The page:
The Boulder 508 also earned top marks for spatial effects. With the Sons of Kemet album, or Fritz Reiner and the Chicago Symphony Orchestra’s recording of Rimsky-Korsakov’s densely scored Scheherazade (LP, RCA Living Stereo LSC-2446/Analogue Productions AAPC-2446), both phono stages developed realistic and well-defined soundstages, but the Boulder’s bloomed into my room with greater width and depth. Its imaging was also more palpable and holographic, and thus believable, and outlines of instruments’ aural images were more vividly drawn and sharply rendered. Its reproduction of envelopes of air and space around individual instruments also seemed more realistically atmospheric.
When I’d finished all my comparisons, I was surprised at how similar the two phono stages sounded -- certainly more alike than different overall. It made revisiting the inexpensive Parasound Halo JC 3 Jr. a welcome experience. Still, the Boulder 508 was the clear winner. It offered across-the-board improvements in sound quality over the Parasound Halo, and that’s as it should be. But given the Halo’s price, this comparison takes nothing away from its performance, and instead puts the onus on the Boulder to prove that it’s worth more than three times the Parasound’s price -- which it did. Those looking to take a couple of big steps up the sound-quality ladder from a phono preamp costing $1000-$2000 should hear clear and worthwhile improvements in the Boulder 508.
Being primarily a tube guy, I was a bit surprised at how much I enjoyed the Boulder 508, which won me over with its well-considered design and highly refined sound. It’s undoubtedly the most neutral phono stage I’ve ever used, and its cleanly rendered coherence, fine expression of dynamics, and convincing rhythm and timing help make it a component whose overall sound quality is greater than the sum of its parts. That it’s able to deliver this level of refinement without erring on the side of sterility or blunted musicality is a testament to Boulder’s engineering expertise and excellence of execution; that Boulder can wrap it up in such a gorgeous and finely finished enclosure for $5000 only underlines that testament.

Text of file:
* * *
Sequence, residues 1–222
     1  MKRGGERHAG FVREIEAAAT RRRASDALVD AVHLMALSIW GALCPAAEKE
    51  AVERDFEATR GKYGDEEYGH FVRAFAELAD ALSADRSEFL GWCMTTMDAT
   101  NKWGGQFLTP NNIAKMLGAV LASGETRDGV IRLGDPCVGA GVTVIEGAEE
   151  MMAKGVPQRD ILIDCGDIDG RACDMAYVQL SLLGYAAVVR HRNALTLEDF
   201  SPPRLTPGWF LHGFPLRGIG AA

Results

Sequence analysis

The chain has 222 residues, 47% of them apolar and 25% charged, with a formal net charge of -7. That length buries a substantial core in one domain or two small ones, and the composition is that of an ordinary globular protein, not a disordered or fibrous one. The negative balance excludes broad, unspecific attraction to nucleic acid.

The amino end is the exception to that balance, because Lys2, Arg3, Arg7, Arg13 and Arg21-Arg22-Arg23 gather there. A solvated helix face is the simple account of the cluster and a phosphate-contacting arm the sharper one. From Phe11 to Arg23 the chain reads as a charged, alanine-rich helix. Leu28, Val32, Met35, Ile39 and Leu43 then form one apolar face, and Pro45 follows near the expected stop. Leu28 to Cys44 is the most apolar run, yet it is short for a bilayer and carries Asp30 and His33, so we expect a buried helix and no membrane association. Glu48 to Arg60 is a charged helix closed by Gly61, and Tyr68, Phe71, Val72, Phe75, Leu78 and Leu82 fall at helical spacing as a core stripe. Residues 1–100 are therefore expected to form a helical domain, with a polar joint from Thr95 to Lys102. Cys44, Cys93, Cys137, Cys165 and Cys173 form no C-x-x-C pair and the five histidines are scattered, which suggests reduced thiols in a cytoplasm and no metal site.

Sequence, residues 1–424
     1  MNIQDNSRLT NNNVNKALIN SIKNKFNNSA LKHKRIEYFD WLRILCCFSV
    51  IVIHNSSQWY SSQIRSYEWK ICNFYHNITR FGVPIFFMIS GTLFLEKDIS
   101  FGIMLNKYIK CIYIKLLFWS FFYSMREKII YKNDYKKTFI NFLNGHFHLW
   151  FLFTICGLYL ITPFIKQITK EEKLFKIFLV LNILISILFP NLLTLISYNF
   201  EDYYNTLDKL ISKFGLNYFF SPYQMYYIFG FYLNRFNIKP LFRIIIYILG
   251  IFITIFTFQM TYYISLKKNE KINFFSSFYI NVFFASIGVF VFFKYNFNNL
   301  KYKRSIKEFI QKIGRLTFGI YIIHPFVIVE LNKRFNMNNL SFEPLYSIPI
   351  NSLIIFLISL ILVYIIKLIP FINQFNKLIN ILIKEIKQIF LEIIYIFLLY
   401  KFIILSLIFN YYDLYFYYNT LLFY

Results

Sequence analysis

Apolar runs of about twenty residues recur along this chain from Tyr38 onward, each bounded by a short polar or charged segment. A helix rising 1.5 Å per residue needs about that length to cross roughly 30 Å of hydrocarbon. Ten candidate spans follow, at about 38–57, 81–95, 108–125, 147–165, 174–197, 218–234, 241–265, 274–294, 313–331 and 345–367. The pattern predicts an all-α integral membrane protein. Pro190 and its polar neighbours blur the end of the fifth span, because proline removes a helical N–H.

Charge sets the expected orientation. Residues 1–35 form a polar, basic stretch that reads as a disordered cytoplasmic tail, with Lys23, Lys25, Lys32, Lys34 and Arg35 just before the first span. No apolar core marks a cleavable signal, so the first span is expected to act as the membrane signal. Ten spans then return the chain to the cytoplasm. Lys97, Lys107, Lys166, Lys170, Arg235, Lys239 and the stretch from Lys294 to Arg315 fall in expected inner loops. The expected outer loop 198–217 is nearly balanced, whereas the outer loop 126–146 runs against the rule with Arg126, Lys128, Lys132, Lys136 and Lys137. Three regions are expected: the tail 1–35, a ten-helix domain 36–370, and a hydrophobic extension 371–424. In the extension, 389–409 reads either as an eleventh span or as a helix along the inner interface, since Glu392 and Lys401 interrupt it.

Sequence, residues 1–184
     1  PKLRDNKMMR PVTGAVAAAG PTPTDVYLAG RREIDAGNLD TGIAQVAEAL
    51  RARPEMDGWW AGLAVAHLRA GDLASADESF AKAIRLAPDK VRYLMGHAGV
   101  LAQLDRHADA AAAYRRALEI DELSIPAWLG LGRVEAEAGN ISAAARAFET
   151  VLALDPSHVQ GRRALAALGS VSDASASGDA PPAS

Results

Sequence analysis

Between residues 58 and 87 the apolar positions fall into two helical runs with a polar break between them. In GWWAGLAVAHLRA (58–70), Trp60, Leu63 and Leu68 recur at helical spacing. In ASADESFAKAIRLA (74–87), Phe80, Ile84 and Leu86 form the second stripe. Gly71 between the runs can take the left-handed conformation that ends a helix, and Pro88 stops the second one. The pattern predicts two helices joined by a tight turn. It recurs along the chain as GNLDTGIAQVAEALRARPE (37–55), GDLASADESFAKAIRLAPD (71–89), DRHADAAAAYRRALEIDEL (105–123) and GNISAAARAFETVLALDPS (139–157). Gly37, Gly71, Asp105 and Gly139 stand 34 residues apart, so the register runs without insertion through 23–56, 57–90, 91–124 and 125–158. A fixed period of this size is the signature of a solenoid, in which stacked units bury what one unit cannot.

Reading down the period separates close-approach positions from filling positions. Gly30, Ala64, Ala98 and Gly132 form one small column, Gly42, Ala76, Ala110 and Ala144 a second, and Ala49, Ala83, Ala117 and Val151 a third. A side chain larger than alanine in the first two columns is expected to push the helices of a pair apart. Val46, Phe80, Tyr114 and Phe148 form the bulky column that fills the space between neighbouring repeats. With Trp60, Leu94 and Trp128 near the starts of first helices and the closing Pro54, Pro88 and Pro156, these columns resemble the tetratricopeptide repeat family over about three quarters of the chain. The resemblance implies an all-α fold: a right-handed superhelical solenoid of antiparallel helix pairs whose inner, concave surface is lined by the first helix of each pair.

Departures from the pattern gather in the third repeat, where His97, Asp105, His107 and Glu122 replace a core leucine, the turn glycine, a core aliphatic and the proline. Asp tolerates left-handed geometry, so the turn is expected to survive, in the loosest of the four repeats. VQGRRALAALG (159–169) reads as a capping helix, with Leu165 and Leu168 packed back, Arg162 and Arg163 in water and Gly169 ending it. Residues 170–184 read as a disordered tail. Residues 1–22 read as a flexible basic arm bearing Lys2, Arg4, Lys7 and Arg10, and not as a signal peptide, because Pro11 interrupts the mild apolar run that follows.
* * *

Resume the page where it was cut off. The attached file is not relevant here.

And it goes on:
This combination of attributes makes the Boulder 508 unique among phono preamplifiers in its price range; that alone should make this little wonder a tantalizing prospect for vinyl-loving audiophiles. I’m hard-pressed to think of any caveats other than the 508’s lack of flexibility. But to those looking for a straightforward, fuss-free phono preamplifier that prioritizes sound quality, I say put the Boulder 508 at the very top of your audition list: It’s my top choice in a solid-state phono stage at or near $5000.
. . . Oliver Amnuayphol
- Loudspeakers -- Aperion Audio Verus II Grand, Living Voice Avatar
- Integrated amplifiers -- Audio Note L3 El84 with Signature upgrades and C-core transformers, modified; Marantz PM-KI Pearl
- Phono preamplifier -- Parasound Halo JC 3 Jr.
- Step-up transformer -- Custom-made Sowter Magnetics 9570 (1:10)
- Sources -- Rega Research RP8 turntable, Lyra Delos cartridge
- Interconnects -- Custom single-core, copper coaxial (RCA); Blue Jeans Cable LC-1; Wireworld Starlight 7 (USB, coaxial)
- Power cords -- Wireworld Aurora 5.2 and Electra 5.2
- Speaker cables -- Tellurium Q Ultra Black, Wireworld Oasis 6
- Accessories -- Music Hall WCS-3 record cleaner, Clearaudio stylus cleaner, Mobile Fidelity Sound Lab record brushes
Boulder Amplifiers 508 Phono Stage
Price: $5000 USD.
Warranty: Five years parts and labor.
255 S. Taylor Avenue
Louisville, CO 80027
Phone: (303) 449-8220